Oil Spill Response Knowledge Grows, but New Risks Emerge - Eos Oil Spill Response Knowledge Grows, but New Risks Emerge - Eos

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In a way, we have improved a lot of abilities with respect to drilling in the sea.

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Published on 03 April Everybody wants to get the oil out of the water, if at all possible. The Arctic ecosystem is so fragile. Those are waters that are poorly explored from a navigation standpoint.

They are focused on human safety. He tracked 10, droplets. Then, of course, we have the increased pressure to go further offshore in the Gulf [of Mexico] to get oil.

It has to be a certain type of oil, or it has to be a certain condition where you can corral the oil. Not in my lifetime.

Do I think that they will ever be totally not used? Making those decisions is quick. The equipment can be deployed and towed through actionable oil. All of the worst-case things you can imagine, they are there.

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If we had a well blowout in the Arctic, it would be way worse. His chamber experiments illustrate the resulting size of oil droplets after encountering a dispersant.

I think people get that confused. The spill is constantly spreading. I think that there will be a lesser and lesser emphasis on using petroleum products. People make decisions on meaningful data.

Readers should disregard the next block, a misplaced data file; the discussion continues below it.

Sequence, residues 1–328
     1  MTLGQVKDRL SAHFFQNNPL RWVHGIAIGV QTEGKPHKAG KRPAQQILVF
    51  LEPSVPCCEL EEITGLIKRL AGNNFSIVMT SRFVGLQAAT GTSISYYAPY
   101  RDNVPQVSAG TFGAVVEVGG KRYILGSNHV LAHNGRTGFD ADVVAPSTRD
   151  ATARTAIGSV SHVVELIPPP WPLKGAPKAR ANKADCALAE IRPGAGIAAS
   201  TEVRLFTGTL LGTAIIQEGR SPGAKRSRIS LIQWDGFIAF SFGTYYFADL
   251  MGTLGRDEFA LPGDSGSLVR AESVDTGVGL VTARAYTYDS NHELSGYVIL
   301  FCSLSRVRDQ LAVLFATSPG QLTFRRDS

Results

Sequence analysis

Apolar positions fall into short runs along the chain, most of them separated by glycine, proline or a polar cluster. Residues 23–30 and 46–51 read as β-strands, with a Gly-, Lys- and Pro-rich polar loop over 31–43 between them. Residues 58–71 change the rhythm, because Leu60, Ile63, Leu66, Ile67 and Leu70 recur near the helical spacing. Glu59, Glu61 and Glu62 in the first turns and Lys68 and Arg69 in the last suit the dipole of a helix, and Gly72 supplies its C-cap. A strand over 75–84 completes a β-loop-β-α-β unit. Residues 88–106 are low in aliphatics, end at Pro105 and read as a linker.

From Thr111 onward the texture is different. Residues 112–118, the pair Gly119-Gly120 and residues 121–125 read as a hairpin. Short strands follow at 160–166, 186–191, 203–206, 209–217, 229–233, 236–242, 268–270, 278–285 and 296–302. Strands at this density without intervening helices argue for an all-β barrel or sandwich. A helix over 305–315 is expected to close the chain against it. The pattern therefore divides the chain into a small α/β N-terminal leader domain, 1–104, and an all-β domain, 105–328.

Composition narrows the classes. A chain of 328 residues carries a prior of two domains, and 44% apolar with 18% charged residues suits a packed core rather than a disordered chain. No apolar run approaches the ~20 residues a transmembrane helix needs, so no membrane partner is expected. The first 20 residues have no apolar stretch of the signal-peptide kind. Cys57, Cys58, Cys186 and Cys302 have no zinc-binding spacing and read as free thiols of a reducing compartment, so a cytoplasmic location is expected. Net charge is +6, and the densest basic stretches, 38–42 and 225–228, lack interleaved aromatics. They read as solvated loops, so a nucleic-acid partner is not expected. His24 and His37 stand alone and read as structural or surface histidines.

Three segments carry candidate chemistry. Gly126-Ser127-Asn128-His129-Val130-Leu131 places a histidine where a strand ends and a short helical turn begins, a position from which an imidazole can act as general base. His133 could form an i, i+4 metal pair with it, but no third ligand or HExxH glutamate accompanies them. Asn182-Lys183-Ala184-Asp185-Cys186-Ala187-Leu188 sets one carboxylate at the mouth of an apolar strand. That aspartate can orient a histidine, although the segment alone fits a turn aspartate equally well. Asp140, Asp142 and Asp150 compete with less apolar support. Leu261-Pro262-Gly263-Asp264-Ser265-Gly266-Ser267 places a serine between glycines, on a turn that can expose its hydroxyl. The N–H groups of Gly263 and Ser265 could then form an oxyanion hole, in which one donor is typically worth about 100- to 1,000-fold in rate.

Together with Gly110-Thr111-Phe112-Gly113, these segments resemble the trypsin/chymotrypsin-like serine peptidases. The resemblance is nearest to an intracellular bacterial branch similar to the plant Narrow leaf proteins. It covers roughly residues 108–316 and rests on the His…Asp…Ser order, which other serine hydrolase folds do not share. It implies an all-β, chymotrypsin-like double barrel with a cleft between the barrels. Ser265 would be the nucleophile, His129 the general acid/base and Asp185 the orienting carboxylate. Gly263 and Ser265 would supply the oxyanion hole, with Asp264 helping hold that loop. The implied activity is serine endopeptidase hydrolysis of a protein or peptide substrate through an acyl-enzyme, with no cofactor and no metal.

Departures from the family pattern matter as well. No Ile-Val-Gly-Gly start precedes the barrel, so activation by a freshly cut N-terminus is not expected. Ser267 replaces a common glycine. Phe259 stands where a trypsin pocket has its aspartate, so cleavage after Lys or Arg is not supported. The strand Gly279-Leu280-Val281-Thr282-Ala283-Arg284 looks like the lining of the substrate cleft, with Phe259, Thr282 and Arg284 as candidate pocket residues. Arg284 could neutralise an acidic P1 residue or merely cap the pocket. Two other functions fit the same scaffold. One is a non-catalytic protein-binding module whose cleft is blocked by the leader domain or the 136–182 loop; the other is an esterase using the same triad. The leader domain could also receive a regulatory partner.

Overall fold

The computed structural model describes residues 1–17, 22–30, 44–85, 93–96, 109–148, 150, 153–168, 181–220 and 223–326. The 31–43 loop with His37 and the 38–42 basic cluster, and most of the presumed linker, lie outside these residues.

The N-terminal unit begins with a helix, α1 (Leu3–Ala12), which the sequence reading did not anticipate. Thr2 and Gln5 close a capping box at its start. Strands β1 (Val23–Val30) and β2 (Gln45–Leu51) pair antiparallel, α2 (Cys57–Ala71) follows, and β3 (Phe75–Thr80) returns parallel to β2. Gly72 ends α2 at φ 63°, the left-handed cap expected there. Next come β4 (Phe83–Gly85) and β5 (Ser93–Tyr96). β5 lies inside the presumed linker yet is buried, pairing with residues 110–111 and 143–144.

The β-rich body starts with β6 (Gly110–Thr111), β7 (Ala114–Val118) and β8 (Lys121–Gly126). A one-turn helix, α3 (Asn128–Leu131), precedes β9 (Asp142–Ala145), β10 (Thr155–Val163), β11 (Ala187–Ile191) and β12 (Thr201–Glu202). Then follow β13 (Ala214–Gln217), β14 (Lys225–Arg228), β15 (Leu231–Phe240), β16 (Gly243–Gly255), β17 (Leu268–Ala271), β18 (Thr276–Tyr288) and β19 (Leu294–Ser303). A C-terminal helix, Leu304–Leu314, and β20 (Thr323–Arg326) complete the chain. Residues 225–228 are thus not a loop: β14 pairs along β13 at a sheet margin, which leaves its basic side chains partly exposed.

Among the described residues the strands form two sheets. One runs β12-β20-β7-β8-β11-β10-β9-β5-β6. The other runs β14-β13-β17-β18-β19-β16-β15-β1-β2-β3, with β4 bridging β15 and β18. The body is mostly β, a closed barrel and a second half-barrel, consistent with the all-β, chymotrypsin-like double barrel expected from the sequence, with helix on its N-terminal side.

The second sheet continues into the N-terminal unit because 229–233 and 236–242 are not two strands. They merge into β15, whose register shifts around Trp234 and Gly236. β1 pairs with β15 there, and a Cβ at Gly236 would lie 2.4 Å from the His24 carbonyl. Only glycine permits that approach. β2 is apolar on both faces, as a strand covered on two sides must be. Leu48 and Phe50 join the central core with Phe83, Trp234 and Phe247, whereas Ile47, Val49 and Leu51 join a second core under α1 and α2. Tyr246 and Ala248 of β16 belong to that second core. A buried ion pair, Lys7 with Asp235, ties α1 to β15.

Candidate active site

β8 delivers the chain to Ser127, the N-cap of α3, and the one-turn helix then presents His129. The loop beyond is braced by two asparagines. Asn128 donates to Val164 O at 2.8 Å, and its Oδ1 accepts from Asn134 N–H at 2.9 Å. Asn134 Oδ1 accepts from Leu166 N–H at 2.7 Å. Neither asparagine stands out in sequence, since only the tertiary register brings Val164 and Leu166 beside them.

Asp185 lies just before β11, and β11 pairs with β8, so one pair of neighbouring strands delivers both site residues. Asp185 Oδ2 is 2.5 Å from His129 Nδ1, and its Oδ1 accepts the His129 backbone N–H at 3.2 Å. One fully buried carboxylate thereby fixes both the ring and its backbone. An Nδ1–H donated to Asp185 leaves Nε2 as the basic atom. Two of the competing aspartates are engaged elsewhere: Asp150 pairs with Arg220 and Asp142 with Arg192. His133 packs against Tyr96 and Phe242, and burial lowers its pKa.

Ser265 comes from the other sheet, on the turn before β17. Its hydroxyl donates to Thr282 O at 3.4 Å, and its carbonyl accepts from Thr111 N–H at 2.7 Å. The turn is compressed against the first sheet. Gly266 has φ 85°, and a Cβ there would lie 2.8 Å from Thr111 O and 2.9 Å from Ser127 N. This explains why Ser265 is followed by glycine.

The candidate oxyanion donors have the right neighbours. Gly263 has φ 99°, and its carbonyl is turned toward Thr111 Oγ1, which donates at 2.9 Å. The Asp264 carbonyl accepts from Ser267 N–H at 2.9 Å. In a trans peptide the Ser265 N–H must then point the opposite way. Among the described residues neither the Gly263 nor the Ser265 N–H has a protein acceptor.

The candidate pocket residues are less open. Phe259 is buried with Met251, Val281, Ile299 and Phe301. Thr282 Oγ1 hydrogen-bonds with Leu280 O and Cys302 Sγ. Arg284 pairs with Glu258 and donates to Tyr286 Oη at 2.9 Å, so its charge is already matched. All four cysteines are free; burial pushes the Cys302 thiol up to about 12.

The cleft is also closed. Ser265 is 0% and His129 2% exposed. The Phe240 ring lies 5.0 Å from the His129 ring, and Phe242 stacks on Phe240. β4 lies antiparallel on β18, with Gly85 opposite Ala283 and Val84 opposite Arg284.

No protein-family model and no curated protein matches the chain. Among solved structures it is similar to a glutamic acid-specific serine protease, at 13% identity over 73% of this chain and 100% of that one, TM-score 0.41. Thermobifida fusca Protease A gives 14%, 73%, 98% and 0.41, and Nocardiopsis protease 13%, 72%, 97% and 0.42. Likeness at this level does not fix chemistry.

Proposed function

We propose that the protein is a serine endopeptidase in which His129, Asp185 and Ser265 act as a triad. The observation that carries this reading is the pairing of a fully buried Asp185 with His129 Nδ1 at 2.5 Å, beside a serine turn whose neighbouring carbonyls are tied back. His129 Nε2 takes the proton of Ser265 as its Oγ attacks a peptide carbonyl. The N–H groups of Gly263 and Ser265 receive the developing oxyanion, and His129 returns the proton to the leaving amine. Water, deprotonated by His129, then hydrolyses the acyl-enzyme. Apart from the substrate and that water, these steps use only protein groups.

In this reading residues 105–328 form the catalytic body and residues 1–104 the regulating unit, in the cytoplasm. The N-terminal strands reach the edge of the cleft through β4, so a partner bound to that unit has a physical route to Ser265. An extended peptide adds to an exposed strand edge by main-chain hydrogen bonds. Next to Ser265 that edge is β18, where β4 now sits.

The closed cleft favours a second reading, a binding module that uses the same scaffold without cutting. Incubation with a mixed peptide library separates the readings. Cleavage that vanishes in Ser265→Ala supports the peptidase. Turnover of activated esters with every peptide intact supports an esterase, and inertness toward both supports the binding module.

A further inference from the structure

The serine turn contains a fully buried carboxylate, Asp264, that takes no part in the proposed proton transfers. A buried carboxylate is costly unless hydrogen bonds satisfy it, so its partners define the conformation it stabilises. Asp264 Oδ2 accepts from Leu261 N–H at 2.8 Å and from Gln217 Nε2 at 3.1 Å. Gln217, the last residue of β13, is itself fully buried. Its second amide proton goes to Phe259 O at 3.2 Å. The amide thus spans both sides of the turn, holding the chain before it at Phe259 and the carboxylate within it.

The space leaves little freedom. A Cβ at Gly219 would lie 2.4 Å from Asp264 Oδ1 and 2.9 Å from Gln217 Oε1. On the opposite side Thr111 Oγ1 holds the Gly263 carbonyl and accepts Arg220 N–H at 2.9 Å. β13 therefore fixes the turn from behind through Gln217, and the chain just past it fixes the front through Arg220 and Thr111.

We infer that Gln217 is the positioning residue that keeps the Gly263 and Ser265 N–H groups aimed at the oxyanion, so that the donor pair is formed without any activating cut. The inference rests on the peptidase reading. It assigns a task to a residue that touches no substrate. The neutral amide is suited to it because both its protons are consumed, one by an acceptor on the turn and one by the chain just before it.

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University of New Hampshire Strategic partnerships between academia and the federal government are beneficial when spills occur. Those tiny droplets stay in the air for a long time. When we talk about models for oil spills, this is always an issue. What is our current risk for marine oil spills?

There are workers inhaling them into their lungs.

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It was a huge surprise. For offshore spills, dispersants are an option.

What are our current options for responding to an oil spill? You need a trajectory model. Say, if there was a spill, it could be deployed. Everybody is pretty much accepting it now, but the PPE issue is big.

You mentioned their size during your talk. But spills in the Arctic would be even worse, according to a well-known oil hazards researcher who spoke this winter at the annual meeting of the American Association for the Advancement of Science.